It appears that a few extra kilos are all that is standing between Isi Naisarani and a berth in the Wallabies’ team.
Coach Dave Rennie apparently asked the bustling number eight to trim down some time back and isn’t satisfied with the Fijian’s efforts – or so it would seem.
This is despite Naisarani having put in a good showing against the Pumas in a trial match earlier this month and scoring two tries against the same team that Australia meets on Saturday in a bid to try and win the Tri-Nations title.
Naisarani is a similar sort of player to the All Blacks’ number eight, Ardie Savea.
He has the same physical approach to the game and, like Savea, is not a man who can be second-guessed. Against the bulk of the Argentines, Naisarani would have been a big plus point.
Dave Rennie may not have bothered too much about Naisarani, given that anyone’s logical thought now would be that the pressure is on Argentina as everyone expects them to win after that smashing effort against New Zealand.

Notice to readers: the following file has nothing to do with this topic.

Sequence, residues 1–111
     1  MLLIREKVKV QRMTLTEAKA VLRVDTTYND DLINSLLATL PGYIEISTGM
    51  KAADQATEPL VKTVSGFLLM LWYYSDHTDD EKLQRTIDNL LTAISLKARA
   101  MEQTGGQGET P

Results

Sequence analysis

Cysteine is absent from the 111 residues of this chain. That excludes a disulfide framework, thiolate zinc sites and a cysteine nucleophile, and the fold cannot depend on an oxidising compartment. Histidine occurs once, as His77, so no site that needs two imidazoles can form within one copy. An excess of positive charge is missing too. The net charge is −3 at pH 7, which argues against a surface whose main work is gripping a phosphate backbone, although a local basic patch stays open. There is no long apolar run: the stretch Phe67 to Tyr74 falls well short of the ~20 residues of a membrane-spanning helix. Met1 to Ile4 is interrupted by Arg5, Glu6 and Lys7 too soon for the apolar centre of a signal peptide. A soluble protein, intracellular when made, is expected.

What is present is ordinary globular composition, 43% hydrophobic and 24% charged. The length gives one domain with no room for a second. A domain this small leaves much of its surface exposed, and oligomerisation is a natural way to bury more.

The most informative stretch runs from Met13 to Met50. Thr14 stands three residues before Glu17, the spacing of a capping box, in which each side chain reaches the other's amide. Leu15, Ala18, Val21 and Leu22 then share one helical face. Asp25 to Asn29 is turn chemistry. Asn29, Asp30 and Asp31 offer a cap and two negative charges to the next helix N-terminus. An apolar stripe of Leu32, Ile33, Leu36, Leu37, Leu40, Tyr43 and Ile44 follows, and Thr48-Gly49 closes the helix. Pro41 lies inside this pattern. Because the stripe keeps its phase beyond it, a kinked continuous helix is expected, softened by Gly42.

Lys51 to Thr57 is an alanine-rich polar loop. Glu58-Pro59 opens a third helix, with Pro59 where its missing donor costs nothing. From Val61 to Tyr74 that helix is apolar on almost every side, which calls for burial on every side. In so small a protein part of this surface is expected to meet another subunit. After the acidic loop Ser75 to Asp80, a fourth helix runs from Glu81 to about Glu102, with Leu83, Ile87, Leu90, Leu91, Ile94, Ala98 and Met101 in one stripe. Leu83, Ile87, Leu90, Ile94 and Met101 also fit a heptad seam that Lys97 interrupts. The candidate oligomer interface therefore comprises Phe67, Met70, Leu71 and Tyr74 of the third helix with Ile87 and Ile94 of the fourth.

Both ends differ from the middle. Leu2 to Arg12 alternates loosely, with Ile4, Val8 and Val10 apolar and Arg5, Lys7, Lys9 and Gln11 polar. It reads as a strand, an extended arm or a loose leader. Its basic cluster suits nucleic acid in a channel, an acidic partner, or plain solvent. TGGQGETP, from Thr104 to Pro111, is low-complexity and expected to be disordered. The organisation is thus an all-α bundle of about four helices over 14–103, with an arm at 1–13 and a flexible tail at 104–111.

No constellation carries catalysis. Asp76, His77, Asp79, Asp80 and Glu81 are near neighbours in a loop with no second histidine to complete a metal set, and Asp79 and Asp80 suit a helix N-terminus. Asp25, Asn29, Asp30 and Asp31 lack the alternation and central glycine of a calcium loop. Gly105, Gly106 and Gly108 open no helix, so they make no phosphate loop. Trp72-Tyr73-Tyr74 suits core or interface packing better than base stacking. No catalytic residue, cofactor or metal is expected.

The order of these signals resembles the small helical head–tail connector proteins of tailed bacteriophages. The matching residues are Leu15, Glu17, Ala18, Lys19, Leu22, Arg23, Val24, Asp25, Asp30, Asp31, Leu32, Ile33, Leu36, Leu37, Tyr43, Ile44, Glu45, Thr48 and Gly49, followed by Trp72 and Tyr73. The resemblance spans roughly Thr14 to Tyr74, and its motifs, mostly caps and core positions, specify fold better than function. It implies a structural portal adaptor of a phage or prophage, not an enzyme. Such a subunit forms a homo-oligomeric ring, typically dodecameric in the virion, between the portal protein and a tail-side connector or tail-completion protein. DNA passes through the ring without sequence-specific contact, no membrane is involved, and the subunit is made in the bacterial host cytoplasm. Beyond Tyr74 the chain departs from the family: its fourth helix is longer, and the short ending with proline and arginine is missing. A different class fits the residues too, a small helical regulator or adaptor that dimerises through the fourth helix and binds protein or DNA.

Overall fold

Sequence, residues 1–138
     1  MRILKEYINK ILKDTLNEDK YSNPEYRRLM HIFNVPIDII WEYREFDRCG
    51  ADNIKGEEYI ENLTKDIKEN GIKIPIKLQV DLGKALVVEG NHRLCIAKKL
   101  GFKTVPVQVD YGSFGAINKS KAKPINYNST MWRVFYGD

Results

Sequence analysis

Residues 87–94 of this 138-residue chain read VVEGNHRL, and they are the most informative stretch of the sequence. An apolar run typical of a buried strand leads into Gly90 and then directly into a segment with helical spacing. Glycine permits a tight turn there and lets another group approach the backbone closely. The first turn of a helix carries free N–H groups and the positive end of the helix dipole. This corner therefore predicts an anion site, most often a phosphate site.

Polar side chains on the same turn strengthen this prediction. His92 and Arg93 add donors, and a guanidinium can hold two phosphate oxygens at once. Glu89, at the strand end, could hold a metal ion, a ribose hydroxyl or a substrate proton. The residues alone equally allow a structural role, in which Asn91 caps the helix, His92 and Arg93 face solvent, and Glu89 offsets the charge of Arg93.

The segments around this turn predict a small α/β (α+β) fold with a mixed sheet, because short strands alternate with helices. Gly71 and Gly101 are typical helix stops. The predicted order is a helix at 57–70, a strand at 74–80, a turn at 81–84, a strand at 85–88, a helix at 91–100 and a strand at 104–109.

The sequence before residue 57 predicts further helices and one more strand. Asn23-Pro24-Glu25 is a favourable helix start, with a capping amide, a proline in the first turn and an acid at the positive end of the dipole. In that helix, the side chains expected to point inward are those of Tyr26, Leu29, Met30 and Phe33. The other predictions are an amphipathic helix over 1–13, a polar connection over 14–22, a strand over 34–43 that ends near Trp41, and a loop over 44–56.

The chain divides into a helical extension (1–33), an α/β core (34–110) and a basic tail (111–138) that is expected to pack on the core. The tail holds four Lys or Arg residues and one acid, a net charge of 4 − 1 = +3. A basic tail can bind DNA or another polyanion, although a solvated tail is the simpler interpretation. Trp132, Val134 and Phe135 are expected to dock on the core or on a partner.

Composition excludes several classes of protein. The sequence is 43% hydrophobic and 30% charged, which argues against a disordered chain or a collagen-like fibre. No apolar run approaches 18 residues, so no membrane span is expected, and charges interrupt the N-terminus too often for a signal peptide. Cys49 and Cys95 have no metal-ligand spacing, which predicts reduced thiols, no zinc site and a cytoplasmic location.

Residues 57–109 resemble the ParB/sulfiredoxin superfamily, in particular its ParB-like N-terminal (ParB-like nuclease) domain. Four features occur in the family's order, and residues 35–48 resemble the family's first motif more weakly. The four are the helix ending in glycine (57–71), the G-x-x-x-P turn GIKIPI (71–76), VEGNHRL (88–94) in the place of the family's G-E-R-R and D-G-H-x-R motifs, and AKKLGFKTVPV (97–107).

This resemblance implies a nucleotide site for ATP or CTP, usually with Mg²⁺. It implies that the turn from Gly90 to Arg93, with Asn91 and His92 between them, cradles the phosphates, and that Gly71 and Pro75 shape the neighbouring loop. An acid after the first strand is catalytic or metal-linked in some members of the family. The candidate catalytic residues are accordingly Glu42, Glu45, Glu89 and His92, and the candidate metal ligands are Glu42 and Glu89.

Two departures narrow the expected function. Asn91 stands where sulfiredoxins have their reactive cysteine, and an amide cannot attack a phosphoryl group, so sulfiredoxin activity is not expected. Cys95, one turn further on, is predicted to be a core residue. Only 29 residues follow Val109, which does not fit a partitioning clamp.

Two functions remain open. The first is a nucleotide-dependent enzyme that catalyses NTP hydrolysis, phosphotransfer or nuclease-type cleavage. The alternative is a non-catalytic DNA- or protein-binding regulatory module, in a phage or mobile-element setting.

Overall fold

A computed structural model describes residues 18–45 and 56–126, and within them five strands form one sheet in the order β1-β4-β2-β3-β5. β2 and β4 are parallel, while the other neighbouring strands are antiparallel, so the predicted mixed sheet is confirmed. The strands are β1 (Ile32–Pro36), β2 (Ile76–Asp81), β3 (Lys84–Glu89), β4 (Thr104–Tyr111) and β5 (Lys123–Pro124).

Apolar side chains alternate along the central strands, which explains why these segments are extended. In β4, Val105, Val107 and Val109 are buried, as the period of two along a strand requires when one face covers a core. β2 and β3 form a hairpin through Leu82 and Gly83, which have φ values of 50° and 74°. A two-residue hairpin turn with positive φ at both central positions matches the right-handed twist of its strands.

That doesn’t always hold water in real life but you can be sure that it will be talked up as the time winds down to the kickoff.
Looking at the chosen Australian team, there is only one thing that catches my eye: Australia is pretty thin on experience when it comes to the bench. Only Allan Alaalatoa (39 Tests) and Folau Fainga’a (14 Tests) have double figures against their names.
The rest have all played less than ten Tests apiece, with Angus Bell having figured in just one encounter.
Against a physical team like the Pumas, it is vital that those who replace tired bodies during the second half make as much impact as those they are replacing.
At times, especially in the case of New Zealand, it has meant the difference between winning and losing. This could be Australia’s Achilles heel.
As for Argentina, they are confident that the same 15 can bring home the bacon. It’s always a good thing to avoid disturbing a winning combination. New Zealand coach Ian Foster found that out a few weeks ago.
Saturday will the 33rd encounter between the two teams. Australia have generally done well against Argentina, winning 14 of the 16 games played at home and eight of the 13 played in Argentina. The Wallabies have won all three games played at neutral venues.